He says DXB Pump has designed a range of pumpsets around the 55kw engine from Deutz, allowing it to offer a highly fuel efficient and emission friendly solution for a very wide range of pumpsets including 12” or 300mm high flow pumps to 50mm high pressure slurry pumps doing over 10 bar pressure on drilling fluids, all from a 55kw engine.
Electric driven wastewater pumpsets
DXB has also launched a range of smaller high pressure pumpsets and electric driven wastewater pumpsets for the rental market; the pumps are designed for fuel efficiency with current cost pressures in mind, the OEM says.
Based around both Stage V emission compliant engines and IEC4 premium efficiency electric motors, the GI140/70 and DE200/100 pumpsets are intended for the construction and general industrial markets such as petrochemical and oil & gas.
Both models utilise the Cornell 3HC Redimprime pumps. The GI140/70 is a lower powered general purpose pumpset capable of a maximum flow of 180m3/hr and maximum pressure of 8 bar, operating at a “very economical” maximum 1750rpm from the Deutz TD2.9 55kw engine.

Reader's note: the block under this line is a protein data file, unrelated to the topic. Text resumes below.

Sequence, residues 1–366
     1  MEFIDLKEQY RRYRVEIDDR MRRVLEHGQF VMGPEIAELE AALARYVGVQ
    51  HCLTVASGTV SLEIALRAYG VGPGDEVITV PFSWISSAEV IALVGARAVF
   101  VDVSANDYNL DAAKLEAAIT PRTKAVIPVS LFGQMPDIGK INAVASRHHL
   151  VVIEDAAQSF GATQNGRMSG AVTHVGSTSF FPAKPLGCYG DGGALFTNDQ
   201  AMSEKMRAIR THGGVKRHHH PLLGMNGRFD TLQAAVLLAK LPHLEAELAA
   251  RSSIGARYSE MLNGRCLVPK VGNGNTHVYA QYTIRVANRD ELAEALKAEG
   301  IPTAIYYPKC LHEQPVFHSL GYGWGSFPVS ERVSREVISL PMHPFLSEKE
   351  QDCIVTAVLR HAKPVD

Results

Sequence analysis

With a 150mm suction and 80mm discharge, it meets demand from the general-purpose pump market “but with a substantial increase in performance of around 30% in flow and head of around 15% all at Best Efficiency Point (BEP) from only a 45kw Stage V engine or electric motor,” David Sterling, Lead Design Engineer with DXB Pump confirms.
“The new compact GI140/70 was designed around a strict design remit that limited our overall size canopy to our DXB3, which has proved incredibly popular with the construction and equipment hire markets due to its quietness and low fuel burn design,” Sterling says.
He adds that by designing the pumpset to operate at a maximum speed of only 1750rpm, “our design team have ensured that the pump operates in the most fuel-efficient region below 1800rpm, minimising fuel consumption, enabling the pumpset to have the lowest carbon and NOx output of any similar sized 80mm pumpset on the market.”
The launch of the 80 mm “top of range” DE200/110 pumpset combines the 6X3 pump from Cornell with the Deutz TCD3.6 105kw engine in the same canopy configuration whilst maintaining a high ambient capability with its “HotBox” canopy design, with all exhaust aftertreatment technology mounted in a separate canopy section.